When buying a home, the deposit often goes toward your down payment. Your mortgage lender usually requires you to contribute a percentage of the sale price to the transaction as part of your investment in the transaction. A down payment typically ranges between 3.5 percent with the Federal Housing Administration (FHA) to 20 percent with most conventional lenders. However, a few credit unions and government agencies, such as the Department of Veterans Affairs (VA) and the Department of Agriculture (USDA) offer zero-down mortgages. When submitting an offer, you must specify a no-down-payment loan program and negotiate closing costs to receive a refund of your deposit.
Apply for a mortgage with your local credit union or a lending institution that offers zero-down mortgages. As of 2013, these loan programs are scarce among conventional lenders and usually only available to borrowers with low to moderate incomes who meet specific guidelines. Borrowers must have established good credit, carry a minimal debt load and occupy the home as their primary residence. VA loans apply to honorably discharged and active-duty military members and USDA loans apply to borrowers who want to purchase in designated rural, residential areas. The Department of Housing and Urban Development, or HUD, and certain lending institutions offer mortgages that can be used in conjunction with down payment assistance programs provided by approved state agencies and non-profits.
Make an offer to buy a home with an earnest money deposit that equals 1 percent to 2 percent of the offering price. Sellers seldom accept offers with no money on the line. Your earnest or good faith deposit shows the seller that you intend to fulfill your contract obligations in a timely manner to buy the home. Failing to do so jeopardizes your deposit because the seller can cancel the agreement and keep all or a portion of the deposit as damages.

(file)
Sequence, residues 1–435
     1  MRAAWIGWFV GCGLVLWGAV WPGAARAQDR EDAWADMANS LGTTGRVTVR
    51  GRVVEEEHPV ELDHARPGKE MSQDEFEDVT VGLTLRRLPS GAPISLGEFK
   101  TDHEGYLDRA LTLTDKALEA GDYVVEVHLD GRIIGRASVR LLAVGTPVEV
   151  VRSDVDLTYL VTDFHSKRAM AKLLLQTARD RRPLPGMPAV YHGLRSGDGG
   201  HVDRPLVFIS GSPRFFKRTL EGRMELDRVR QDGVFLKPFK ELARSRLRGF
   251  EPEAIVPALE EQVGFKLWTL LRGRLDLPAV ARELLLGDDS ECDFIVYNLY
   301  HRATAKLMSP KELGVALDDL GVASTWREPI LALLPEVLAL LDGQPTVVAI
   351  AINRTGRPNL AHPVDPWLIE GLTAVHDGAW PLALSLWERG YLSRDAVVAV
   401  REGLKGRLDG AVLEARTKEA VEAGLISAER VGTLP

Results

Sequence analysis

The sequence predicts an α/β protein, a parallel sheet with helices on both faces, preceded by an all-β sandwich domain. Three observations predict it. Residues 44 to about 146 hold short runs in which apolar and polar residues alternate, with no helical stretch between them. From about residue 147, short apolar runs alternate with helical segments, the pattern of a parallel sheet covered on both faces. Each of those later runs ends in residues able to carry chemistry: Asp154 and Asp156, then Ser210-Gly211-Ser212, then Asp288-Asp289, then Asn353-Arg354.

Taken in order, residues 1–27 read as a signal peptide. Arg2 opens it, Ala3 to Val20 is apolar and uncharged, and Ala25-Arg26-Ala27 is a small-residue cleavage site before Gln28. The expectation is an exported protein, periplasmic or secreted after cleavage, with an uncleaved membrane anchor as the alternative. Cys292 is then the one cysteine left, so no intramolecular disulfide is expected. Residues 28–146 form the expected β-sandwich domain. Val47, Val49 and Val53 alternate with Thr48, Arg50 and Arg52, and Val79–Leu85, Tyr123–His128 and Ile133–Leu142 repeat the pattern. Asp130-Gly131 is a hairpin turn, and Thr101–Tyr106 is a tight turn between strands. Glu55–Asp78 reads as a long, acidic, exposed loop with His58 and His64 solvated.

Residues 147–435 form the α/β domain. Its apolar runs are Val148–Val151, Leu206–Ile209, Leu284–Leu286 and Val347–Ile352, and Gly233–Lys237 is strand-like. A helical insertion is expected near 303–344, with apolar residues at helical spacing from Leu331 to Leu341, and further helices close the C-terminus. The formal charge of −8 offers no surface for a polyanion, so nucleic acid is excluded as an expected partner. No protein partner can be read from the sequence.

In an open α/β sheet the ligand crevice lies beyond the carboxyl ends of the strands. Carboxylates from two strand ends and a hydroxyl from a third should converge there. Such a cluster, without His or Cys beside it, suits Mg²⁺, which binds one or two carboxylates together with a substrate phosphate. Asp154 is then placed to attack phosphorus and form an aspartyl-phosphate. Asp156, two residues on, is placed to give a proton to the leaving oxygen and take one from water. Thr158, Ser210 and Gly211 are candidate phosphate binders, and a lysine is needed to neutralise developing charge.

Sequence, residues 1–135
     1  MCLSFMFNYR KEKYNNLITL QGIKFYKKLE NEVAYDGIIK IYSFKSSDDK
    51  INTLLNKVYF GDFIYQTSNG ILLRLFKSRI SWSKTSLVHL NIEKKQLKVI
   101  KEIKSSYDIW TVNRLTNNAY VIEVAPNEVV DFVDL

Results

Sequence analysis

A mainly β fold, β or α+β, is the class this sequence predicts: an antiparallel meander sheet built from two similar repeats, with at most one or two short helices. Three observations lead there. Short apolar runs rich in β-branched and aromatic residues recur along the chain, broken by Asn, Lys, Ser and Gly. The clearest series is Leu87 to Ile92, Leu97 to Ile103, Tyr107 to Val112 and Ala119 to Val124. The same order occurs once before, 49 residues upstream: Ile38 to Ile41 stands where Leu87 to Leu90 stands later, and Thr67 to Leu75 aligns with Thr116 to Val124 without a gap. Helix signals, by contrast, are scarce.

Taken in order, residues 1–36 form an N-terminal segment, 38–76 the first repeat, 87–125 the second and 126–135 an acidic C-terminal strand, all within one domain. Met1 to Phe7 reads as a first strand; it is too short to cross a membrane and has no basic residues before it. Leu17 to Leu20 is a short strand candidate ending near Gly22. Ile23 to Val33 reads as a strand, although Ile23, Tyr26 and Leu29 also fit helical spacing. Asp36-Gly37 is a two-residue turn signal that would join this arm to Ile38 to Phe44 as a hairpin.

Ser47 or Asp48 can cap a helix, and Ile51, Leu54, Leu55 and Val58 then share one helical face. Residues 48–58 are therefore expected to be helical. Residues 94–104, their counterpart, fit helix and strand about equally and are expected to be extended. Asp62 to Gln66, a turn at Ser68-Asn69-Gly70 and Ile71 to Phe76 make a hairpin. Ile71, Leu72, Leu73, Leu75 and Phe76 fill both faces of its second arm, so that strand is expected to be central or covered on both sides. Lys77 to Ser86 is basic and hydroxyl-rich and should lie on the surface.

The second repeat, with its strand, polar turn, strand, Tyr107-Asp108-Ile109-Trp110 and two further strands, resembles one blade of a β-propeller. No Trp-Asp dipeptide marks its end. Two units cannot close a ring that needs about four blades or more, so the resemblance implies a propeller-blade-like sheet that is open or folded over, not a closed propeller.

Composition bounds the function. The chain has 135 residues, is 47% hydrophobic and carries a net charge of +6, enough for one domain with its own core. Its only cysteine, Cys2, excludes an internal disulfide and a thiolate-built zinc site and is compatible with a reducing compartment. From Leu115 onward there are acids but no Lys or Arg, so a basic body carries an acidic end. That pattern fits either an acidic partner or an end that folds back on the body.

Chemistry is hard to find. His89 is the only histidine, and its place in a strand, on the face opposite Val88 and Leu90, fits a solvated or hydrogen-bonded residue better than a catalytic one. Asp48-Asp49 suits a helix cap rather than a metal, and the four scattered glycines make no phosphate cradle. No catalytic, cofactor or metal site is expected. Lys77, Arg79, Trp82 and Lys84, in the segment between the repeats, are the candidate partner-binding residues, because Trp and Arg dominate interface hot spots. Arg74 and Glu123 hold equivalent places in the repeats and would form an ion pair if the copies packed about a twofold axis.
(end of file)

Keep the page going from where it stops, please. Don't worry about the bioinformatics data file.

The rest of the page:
Provide the details about your financing. Real estate contracts usually require disclosure of the type of financing you intend to obtain, such as conventional or government-insured. Contracts also ask you to specify initial deposit and down payment amounts. Such information allows the seller to determine how much money you'll need to come in with at closing to complete the purchase price and cover any buyer closing costs. Be prepared to prove that you have sufficient funds to deposit.
Ask the seller to cover all of your closing costs and specify that you intend to receive a refund of your good faith deposit at closing. Most lenders allow the seller to contribute 3 percent to 6 percent of the sale price to cover buyer closing costs. By negotiating to have the seller pay all of your closing costs and by obtaining a zero-down-payment mortgage, you are entitled to a refund of your deposit at closing -- there are no buyer costs that require use of the deposit.
Typical real estate contracts state that the deposit must be made into a trust or escrow account within a few days of signing the agreement. Most contracts also require specifics on how you plan to fund the purchase. Failing to provide information on either one of these important aspects of the contract will likely lead to a rejection of your offer.
The seller may require proof of funds in the form of a recent account statement to ensure that you have money for the deposit before accepting your offer.
- Typical real estate contracts state that the deposit must be made into a trust or escrow account within a few days of signing the agreement. Most contracts also require specifics on how you plan to fund the purchase. Failing to provide information on either one of these important aspects of the contract will likely lead to a rejection of your offer.
- The seller may require proof of funds in the form of a recent account statement to ensure that you have money for the deposit before accepting your offer.
Karina C. Hernandez is a real estate agent in San Diego. She has covered housing and personal finance topics for multiple internet channels over the past 10 years. Karina has a B.A. in English from UCLA and has written for eHow, sfGate, the nest, Quicken, TurboTax, RE/Max, Zacks and Opposing Views.